Chisholm: Lowry's arrival sends Calderon to the bench

Tim Chisholm
7/11/2012 3:20:12 PM
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On Wednesday, the first day that all of those verbally agreed to trades and free agent signings can go through, the Toronto Raptors saw a major shakeup at their point guard position made official. In comes Kyle Lowry to start for the club, down goes Jose Calderon, the incumbent starter, to the bench, and out goes Jerryd Bayless, who has agreed to a two-year deal with the Memphis Grizzlies.

As was stated last week, Lowry brings a rugged toughness to the starting lineup that was desperately needed, especially in the new Dwane Casey era. As well as Casey had managed to get the Raptors playing on defence last year, the toughest player he had to throw out there was a deep reserve, Jamaal Magloire, who had one toe in retirement when Toronto came a-callin' last December.

With Lowry, the Raptors can now throw their toughest player out there from the get-go, and he'll be asked to not only slow down the other team's offence at the point of attack, but also bring his bulldog mentality to Toronto's own - often subdued - offensive attack. For all that Toronto has been seen as a soft defensive club over the years, they were equally soft on offence last season, effectively setting up camp 16-feet from the basket and firing away with only a cursory nod to the paint.

Lowry, though, has the foot speed and attacking mentality to get into the paint, collapse and shift defences, and open up looks that are totally different from what Calderon's screen-and-roll heavy skill set offered. Lowry attempted 3.1 shots at the rim per game last season and 4.2 free throws per game, versus Calderon's 1.2 and 1.3 averages in those same categories. On a Raptors team that has precious few shot creators, Lowry is going to give them a jump start at that end of the court, and since he rarely looks to take shots in the mid-range, he'll leave Andrea Bargnani and DeMar DeRozan's preferred areas of operation open for them to ply their trade.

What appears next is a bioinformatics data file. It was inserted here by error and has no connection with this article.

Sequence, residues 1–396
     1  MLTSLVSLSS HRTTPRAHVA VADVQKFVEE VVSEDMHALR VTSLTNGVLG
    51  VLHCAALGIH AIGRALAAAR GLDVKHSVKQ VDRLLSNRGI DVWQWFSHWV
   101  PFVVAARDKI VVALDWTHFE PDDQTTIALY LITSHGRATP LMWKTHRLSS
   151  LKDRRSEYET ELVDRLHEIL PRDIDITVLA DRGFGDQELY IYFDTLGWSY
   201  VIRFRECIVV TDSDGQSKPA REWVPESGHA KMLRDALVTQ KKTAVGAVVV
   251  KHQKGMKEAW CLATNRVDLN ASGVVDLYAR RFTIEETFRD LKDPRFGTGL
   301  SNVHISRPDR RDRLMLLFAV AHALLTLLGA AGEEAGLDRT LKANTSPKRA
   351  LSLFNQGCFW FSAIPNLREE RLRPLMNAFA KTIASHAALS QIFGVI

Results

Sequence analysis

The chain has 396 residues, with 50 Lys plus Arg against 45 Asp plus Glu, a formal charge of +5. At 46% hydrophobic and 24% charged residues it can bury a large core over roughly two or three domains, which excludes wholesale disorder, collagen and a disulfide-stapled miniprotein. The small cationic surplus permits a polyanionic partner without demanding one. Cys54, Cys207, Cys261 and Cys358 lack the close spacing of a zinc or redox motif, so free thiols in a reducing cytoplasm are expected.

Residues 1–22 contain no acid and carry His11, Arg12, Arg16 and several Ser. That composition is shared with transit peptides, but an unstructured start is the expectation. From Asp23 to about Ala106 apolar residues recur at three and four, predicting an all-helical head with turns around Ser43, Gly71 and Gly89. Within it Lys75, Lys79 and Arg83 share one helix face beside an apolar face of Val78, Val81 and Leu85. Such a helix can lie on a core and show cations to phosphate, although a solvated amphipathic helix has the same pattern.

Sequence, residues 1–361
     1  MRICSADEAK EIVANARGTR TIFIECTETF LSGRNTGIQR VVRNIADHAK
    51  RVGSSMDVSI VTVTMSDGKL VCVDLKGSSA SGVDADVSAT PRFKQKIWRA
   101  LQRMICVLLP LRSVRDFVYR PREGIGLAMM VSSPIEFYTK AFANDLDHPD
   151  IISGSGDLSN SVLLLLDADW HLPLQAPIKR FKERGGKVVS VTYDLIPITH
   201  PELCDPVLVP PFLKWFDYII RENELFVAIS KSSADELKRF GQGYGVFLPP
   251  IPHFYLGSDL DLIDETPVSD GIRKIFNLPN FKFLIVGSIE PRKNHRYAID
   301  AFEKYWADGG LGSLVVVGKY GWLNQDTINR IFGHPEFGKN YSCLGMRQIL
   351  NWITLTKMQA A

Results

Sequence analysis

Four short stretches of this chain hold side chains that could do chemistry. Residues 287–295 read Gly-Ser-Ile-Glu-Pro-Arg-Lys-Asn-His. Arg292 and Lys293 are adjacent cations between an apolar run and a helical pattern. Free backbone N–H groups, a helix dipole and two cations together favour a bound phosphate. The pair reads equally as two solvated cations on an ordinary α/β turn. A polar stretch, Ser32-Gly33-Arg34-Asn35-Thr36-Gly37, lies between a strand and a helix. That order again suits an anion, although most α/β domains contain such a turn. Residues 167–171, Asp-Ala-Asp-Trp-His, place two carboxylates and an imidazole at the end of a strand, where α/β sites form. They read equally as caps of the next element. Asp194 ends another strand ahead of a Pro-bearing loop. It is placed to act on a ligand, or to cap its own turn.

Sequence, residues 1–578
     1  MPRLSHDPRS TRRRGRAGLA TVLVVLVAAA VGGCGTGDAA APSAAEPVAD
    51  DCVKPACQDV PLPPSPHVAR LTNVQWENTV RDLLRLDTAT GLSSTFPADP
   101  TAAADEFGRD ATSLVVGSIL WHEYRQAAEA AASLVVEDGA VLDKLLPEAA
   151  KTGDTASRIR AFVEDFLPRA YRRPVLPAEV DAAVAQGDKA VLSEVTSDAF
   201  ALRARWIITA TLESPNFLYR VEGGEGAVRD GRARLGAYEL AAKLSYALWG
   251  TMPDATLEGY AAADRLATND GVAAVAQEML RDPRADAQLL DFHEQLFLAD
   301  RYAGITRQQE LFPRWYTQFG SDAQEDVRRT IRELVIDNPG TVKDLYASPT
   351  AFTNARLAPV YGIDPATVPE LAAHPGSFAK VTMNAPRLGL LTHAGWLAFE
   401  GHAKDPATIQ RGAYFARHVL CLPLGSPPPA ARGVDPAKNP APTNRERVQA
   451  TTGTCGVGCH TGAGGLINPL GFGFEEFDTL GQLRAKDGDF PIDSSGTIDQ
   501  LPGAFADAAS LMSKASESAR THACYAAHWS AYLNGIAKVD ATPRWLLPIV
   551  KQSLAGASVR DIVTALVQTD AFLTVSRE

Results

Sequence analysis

Lowry's presence will positively affect Bargnani and DeRozan in other ways, too. Neither one is a particularly strong rebounder, but Lowry is the second-best rebounding point guard in the NBA, averaging a career-high 4.6 per game last season. Neither one is renowned for their ability to get steals and deflections, either, but Lowry was tied for 15th in the NBA in steals per game last season at 1.6, and his defensive fundaments are light years ahead of those two returning Raptors. His ability to check his own man will keep the team defence from having to scramble as often as last year, which will help the team lock-in more at that end of the court. Lowry was also fourth in the NBA last year in charges taken per game and, according to, was fifth amongst NBA guards last year in defensive plays made per game.

Lowry effectively represents a complete one-eighty in terms of style of play at the point guard position for the Raptors next season, and he suits the strengths and weaknesses of the starting five better than Calderon has over the last few years.

Of course, it isn't like Calderon has gone anywhere (yet). While his $10.6 million expiring contract could be bundled into a trade at any time between now and February's trade deadline, as of this moment Calderon is simply taking his high-efficiency, high-assist game to Toronto's second unit where it is more desperately needed.